> would be stored in these locations.
> Fixing the above problems requires trying to determine the state of 
> the frame push through a series of checks, and then adapting what is 
> considered to be the current frame based on the outcome of the checks. 
> The first things checked is that frame->method is valid (we can 
> successfully instantiate a wrapper for the Method* without failure) 
> and that frame->bcp is within the method. If both these pass then we 
> can use the frame as-is.
> If the above checks fail, then we try to determine whether the issue 
> is that the frame is not yet pushed and the current frame is actually 
> compiled, or the frame has been pushed but not yet initialized. This 
> is done by first getting the return address from the stack or RAX 
> (it's location depends on how far along we are in the entry code) and 
> comparing this to what is stored in frame->return_addr. If they are 
> the same, then we have pushed the frame but not yet initialized it. In 
> this case we use the previous frame (senderSP() and senderFP()) as the 
> current frame since the current frame is not yet initialized. If the 
> return address check fails, then we assume the new frame is not yet 
> pushed, and and treat the current frame as compiled, even though PC 
> points into the interpreter (we replace PC with RAX in this case).
> Comments in the code pretty well explain all the above, so it is 
> probably easier to follow the logic in the code along with the 
> comments rather than apply my above description to the code.
> I should add that it's very rare that we ever get into this special 
> error handling code. This bug was very hard to reproduce initially. I 
> was only able to make progress with reproducing and debugging by 
> inserting delay loops in various spots in the code generated by 
> TemplateInterpreterGenerator::generate_normal_entry(). By doing this I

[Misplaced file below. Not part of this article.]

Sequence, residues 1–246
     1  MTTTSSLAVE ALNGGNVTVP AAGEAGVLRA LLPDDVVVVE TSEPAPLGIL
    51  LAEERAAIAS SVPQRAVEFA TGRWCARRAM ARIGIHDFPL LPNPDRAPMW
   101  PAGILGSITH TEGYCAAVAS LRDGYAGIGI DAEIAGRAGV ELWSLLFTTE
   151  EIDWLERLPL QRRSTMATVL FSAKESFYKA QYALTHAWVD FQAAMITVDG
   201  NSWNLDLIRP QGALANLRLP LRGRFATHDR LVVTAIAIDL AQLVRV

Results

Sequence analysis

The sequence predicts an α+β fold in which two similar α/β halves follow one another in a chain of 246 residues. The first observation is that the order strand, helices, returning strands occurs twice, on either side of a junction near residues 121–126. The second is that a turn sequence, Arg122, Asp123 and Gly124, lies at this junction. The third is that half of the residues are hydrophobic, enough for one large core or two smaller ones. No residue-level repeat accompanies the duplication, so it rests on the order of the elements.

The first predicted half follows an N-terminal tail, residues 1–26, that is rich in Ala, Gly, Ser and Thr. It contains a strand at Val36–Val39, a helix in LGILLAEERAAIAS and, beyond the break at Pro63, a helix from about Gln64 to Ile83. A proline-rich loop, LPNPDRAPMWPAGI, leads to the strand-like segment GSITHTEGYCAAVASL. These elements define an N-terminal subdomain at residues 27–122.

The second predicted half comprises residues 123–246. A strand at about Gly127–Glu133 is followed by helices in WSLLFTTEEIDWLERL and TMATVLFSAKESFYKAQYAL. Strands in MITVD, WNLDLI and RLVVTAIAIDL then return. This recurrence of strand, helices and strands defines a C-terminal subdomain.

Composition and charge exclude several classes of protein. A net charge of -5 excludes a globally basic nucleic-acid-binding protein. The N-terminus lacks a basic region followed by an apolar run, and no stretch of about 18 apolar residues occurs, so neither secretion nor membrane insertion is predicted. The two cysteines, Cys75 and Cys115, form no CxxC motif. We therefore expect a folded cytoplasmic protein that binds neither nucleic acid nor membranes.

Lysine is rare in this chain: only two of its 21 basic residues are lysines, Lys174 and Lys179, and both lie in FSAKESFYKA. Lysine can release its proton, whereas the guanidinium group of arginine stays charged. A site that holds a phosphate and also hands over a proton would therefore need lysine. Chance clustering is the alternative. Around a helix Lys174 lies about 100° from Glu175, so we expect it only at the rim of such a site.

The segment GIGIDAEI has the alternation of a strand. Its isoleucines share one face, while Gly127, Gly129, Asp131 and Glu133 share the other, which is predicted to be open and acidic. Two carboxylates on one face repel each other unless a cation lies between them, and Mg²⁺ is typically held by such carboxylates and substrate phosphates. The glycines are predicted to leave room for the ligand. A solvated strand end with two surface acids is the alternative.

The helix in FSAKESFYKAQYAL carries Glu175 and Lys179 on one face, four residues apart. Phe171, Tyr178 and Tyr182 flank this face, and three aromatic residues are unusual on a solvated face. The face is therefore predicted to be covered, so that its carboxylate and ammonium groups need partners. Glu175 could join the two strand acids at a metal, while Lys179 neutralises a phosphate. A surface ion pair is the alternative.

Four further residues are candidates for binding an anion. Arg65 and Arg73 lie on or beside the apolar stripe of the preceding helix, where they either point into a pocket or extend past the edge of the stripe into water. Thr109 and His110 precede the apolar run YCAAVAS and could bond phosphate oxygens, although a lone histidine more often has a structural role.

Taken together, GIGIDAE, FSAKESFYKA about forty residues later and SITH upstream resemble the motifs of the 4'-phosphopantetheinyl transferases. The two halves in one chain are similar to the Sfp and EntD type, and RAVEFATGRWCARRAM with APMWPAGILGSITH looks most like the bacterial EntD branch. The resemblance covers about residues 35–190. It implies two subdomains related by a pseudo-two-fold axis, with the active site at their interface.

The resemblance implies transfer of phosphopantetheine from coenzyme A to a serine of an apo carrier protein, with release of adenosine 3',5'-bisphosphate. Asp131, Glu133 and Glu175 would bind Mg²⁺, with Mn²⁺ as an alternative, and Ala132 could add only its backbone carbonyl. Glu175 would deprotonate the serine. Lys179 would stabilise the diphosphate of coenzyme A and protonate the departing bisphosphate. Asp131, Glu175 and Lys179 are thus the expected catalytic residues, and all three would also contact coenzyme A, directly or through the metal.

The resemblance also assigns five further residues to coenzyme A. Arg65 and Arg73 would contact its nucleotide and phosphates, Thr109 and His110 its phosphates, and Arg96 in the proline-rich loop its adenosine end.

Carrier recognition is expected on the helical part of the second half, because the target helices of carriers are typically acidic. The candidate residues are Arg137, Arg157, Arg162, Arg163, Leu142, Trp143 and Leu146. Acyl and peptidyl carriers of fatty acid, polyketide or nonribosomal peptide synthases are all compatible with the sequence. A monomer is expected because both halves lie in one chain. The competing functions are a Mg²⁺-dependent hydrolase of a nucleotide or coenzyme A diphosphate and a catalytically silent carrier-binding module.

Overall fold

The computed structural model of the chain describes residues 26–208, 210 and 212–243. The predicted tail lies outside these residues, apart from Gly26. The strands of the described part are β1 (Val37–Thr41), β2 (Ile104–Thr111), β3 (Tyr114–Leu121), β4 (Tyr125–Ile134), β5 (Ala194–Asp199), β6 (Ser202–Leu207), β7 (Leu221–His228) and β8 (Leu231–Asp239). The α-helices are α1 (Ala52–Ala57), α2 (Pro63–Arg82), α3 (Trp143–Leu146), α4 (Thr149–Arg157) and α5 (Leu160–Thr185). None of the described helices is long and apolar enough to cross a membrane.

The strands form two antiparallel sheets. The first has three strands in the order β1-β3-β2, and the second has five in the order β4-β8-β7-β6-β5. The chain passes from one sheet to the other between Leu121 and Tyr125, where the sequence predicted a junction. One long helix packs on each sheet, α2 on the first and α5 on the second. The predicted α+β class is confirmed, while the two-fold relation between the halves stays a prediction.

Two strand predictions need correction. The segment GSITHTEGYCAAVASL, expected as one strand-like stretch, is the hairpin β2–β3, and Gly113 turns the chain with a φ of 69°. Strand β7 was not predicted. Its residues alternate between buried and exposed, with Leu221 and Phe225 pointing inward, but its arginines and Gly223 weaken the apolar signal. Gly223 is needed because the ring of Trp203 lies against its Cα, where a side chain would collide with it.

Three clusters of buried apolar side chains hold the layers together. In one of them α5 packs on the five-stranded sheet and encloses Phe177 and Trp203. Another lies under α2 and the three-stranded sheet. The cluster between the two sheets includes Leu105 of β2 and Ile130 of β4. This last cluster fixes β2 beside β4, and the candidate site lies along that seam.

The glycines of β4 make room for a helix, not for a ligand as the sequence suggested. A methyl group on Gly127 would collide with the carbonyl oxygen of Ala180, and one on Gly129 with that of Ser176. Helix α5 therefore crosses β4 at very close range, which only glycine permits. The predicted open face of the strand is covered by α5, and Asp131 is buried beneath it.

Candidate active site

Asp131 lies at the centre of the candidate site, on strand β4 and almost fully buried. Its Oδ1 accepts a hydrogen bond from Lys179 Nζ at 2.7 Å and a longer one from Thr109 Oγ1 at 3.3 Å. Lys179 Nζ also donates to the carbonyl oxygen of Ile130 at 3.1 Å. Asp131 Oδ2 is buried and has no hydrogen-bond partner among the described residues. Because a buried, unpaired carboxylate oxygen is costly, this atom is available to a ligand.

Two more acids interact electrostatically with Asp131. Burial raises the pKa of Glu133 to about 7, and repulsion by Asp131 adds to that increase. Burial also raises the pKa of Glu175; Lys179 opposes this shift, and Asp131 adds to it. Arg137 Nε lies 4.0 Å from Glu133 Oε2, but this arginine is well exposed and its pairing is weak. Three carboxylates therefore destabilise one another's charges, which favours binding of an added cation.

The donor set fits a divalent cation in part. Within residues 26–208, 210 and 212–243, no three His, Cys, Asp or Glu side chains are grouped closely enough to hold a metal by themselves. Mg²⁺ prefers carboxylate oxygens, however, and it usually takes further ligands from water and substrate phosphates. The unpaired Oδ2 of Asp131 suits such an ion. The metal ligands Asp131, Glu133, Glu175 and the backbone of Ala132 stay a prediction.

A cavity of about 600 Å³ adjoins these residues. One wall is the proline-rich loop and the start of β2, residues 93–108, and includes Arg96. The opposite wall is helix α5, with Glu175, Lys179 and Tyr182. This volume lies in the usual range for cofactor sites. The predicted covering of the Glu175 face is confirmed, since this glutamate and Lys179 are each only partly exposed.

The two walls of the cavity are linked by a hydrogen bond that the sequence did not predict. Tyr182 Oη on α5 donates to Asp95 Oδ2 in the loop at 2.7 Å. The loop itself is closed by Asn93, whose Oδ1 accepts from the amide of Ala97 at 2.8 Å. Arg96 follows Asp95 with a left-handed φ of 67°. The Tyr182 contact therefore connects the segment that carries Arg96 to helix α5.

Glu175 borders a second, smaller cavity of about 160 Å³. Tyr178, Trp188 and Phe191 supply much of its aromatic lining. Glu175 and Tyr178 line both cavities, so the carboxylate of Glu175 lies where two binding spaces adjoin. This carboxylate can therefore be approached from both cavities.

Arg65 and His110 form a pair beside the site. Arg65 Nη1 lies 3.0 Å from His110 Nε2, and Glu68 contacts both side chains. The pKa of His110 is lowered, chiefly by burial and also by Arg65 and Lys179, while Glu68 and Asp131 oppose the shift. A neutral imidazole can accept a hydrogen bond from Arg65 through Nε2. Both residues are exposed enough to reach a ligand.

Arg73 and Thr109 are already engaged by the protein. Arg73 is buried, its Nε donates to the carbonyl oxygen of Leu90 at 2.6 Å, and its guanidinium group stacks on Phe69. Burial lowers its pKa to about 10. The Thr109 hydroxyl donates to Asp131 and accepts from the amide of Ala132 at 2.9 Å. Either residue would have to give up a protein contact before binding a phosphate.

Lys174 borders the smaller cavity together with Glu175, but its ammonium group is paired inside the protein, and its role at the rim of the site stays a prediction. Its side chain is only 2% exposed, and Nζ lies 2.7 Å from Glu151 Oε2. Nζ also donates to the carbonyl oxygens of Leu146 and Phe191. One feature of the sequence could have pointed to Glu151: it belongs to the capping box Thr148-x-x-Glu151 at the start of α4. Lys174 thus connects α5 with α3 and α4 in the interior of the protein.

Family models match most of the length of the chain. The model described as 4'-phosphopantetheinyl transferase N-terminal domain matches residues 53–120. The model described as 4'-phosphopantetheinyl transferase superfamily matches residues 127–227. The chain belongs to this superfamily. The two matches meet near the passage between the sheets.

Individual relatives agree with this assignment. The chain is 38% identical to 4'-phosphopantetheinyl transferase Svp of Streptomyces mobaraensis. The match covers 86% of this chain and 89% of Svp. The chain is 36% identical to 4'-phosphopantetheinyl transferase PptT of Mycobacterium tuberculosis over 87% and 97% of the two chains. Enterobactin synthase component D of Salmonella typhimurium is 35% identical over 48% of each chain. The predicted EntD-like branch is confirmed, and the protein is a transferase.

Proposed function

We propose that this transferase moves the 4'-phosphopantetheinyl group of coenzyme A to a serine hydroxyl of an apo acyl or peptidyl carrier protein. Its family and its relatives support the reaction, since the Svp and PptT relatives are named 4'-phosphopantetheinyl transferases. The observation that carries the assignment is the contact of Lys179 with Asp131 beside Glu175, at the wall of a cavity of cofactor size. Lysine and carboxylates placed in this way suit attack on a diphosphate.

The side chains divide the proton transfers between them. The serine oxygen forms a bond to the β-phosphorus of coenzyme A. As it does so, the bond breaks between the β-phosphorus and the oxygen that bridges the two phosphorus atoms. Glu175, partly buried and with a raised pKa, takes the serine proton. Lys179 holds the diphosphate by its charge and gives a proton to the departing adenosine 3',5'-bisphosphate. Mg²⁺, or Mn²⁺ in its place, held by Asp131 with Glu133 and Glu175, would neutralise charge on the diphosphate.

> was able to reproduce the issue quite easily and hit all the logic in 
> the new code I've added.
> The fix is basically entirely contained within 
> AMD64CurrentFrameGuess.java. The rest of the changes are minor:
> src/jdk.hotspot.agent/share/classes/sun/jvm/hotspot/runtime/amd64/AMD64CurrentFrameGuess.java 
> -Main fix for CR
> src/jdk.hotspot.agent/share/classes/sun/jvm/hotspot/runtime/x86/X86Frame.java 
> -Added getInterpreterFrameBCP(), which is now needed by 
> AMD64CurrentFrameGuess.java
> -I also simplified some code by using the existing 
> getInterpreterFrameMethod()
>  rather than replicating inline what it does.
> src/jdk.hotspot.agent/share/classes/sun/jvm/hotspot/debugger/bsd/amd64/BsdAMD64CFrame.java 
> -I noticed the windows version of this code had some extra checks that 
> were missing
>  from the bsd version. I then looked at the linux version, but it had 
> been heavily modified
>  a short while back to leverage DWARF info to determine frames. So I 
> looked at the previous
>  rev and it too had these extra checks. I decided to add them to the 
> BSD port. I'm not sure
>  if it helps at all, but it certainly doesn't seem to do any harm.
> thanks,
> Chris